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Q3, Q4 and Beyond
Blog / For Sales Pros / Sep 19, 2022 / Posted by Brian Sullivan /

Q3, Q4 and Beyond

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Ah, September. Summer ends and school starts. In selling, though, our quarterly view of the world focuses us keenly on the closing of Q3 and the start of Q4. In the immortal words of sales guru, T.S. Eliot, “To make a beginning is to make an end. And to make an end is to make a beginning. And the end is where we start”. As sales managers everywhere offer their guidance and motivation that, even with these ends and beginnings that remain in the year, there’s still time to make good things happen. And we’re flooded with blogs sharing sage insights about how to do just that – close the year strong. The checklists of the five, ten or twenty best strategies are provided to help you maximize the chances of hitting your numbers by Dec. 31. Actions like “Contact every client” are often suggested while another fan favorite is “Go back to prospects who had chosen another vendor”. Another popular bit of advice is “Ask for referrals” and, of course, every Top 5/10/20 blog post includes the news flash to “Conduct account business review meetings”. And, yes, there’s some value in the myriad of ideas that are repeated over and over. More or less.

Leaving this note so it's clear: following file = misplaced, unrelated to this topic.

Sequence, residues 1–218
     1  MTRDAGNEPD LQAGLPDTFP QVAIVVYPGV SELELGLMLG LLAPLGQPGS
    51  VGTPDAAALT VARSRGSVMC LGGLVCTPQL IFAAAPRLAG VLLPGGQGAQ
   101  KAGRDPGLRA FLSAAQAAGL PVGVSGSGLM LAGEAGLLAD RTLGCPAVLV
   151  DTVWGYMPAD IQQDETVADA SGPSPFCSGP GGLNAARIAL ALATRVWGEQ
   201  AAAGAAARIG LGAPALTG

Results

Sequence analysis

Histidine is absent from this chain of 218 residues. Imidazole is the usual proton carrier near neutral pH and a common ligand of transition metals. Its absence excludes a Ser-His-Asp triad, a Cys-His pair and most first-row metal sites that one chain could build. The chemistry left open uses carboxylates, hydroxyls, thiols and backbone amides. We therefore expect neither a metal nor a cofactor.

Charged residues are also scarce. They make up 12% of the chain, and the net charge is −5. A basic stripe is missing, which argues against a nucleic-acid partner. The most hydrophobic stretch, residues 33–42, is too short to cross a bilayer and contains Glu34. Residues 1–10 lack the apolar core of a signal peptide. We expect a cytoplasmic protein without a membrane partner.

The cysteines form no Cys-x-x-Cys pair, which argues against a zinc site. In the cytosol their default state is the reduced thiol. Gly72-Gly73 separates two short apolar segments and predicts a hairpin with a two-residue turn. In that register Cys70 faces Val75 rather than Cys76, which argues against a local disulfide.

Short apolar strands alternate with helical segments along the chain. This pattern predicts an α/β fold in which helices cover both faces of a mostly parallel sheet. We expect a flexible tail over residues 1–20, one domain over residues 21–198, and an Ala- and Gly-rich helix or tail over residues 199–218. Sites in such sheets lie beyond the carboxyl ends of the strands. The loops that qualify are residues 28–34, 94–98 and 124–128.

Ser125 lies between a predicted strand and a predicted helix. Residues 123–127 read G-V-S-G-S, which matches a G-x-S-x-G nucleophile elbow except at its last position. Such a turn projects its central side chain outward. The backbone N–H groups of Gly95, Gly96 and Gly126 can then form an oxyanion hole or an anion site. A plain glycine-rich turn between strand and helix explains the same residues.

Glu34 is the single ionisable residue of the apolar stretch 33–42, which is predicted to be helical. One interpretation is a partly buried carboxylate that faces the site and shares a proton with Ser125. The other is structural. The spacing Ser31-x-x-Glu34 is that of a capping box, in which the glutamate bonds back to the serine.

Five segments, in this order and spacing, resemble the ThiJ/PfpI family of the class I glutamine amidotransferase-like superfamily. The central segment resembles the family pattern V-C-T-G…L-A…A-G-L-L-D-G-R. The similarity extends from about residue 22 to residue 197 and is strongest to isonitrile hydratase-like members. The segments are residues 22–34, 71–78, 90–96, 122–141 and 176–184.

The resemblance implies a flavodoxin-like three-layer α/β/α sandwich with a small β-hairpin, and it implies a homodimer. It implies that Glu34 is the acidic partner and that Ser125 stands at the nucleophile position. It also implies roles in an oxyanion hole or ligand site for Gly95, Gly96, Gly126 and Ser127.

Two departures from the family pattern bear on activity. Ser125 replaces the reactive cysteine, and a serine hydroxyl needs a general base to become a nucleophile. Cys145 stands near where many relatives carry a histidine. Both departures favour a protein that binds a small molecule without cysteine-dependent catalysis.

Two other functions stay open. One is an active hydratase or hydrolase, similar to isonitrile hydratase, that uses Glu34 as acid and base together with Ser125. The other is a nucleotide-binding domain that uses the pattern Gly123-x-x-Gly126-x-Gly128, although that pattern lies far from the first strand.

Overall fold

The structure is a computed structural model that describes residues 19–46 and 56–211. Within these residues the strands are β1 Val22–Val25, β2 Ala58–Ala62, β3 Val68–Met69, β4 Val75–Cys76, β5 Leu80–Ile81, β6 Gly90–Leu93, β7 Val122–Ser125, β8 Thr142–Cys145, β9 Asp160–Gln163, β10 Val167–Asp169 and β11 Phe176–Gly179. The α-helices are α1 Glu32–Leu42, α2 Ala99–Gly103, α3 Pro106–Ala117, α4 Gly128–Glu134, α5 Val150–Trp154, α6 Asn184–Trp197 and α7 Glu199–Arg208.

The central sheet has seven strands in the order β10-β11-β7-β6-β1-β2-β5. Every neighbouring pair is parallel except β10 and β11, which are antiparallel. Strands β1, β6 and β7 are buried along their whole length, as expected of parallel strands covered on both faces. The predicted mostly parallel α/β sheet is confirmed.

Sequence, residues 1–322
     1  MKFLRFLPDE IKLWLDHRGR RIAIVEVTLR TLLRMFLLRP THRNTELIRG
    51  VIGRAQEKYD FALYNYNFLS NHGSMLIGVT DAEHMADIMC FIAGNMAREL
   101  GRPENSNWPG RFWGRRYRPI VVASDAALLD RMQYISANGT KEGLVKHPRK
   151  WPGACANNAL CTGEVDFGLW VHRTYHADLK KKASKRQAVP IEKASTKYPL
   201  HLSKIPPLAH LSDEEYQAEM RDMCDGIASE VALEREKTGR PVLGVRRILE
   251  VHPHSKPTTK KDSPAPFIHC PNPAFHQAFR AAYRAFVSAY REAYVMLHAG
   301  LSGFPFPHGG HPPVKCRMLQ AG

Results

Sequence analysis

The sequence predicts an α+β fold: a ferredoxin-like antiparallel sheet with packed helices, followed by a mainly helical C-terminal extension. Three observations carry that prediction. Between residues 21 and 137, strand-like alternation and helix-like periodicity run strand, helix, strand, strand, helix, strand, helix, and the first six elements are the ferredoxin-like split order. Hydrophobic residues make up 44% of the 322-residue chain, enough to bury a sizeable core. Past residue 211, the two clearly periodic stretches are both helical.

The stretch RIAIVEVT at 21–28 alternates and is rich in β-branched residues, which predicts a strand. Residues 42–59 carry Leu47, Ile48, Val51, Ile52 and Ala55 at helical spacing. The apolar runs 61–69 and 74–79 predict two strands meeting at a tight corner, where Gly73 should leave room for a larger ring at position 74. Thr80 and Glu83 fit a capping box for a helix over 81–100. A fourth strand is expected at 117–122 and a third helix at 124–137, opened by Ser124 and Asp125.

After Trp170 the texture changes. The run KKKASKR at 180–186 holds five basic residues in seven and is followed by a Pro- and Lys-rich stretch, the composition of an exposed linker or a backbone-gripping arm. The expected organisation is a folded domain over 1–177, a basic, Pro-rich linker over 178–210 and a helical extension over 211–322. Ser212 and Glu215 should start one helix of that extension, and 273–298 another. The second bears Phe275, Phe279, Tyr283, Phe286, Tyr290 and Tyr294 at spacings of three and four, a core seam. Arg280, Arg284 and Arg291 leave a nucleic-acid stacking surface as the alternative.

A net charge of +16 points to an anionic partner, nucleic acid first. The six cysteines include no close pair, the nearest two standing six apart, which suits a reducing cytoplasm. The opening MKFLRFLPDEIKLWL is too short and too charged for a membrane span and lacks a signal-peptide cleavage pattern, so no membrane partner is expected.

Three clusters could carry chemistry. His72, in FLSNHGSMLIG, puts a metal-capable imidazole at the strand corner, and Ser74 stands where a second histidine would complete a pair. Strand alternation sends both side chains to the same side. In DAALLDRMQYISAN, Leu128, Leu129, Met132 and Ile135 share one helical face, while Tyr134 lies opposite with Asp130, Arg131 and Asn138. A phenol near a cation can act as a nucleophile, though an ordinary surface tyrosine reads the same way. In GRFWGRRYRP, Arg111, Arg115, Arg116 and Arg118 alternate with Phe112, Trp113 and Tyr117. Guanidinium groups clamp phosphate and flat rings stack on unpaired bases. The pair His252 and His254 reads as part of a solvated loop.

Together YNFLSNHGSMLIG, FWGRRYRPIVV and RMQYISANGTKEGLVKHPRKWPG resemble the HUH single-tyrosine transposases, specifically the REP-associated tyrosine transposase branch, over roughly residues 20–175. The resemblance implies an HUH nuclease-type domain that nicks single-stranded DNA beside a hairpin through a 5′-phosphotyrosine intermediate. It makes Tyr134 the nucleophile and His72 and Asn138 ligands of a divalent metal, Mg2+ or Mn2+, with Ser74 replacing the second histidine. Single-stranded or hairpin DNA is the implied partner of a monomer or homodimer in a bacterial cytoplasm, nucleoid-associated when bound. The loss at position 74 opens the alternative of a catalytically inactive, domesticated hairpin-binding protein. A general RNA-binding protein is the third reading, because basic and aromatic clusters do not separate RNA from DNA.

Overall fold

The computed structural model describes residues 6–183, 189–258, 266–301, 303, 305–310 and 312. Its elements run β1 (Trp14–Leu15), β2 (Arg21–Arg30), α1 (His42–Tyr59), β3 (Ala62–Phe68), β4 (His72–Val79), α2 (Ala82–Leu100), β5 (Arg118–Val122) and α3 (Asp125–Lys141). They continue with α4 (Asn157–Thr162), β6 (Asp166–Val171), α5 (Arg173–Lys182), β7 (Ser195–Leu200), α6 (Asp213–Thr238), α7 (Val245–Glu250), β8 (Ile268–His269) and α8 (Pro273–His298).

Before you pick up the phone or hit the keypad, stop. Take a moment to think about your clients – the targets of those intrusive actions you’re about to take. How do you think they feel about the flurry of vendor calls they receive at this time of year? Do they feel touched to be contacted by tons of reps, all requesting the same things? You know the answer.  Clients are, by and large, smart businesspeople who, by the way, are extremely busy heading towards year-end and they don’t appreciate self-serving incursions on their time. And is saying self-serving a bit harsh? How can it be when our objectives have nothing to do with clients’ best interests but are based solely on our needs to hit our numbers?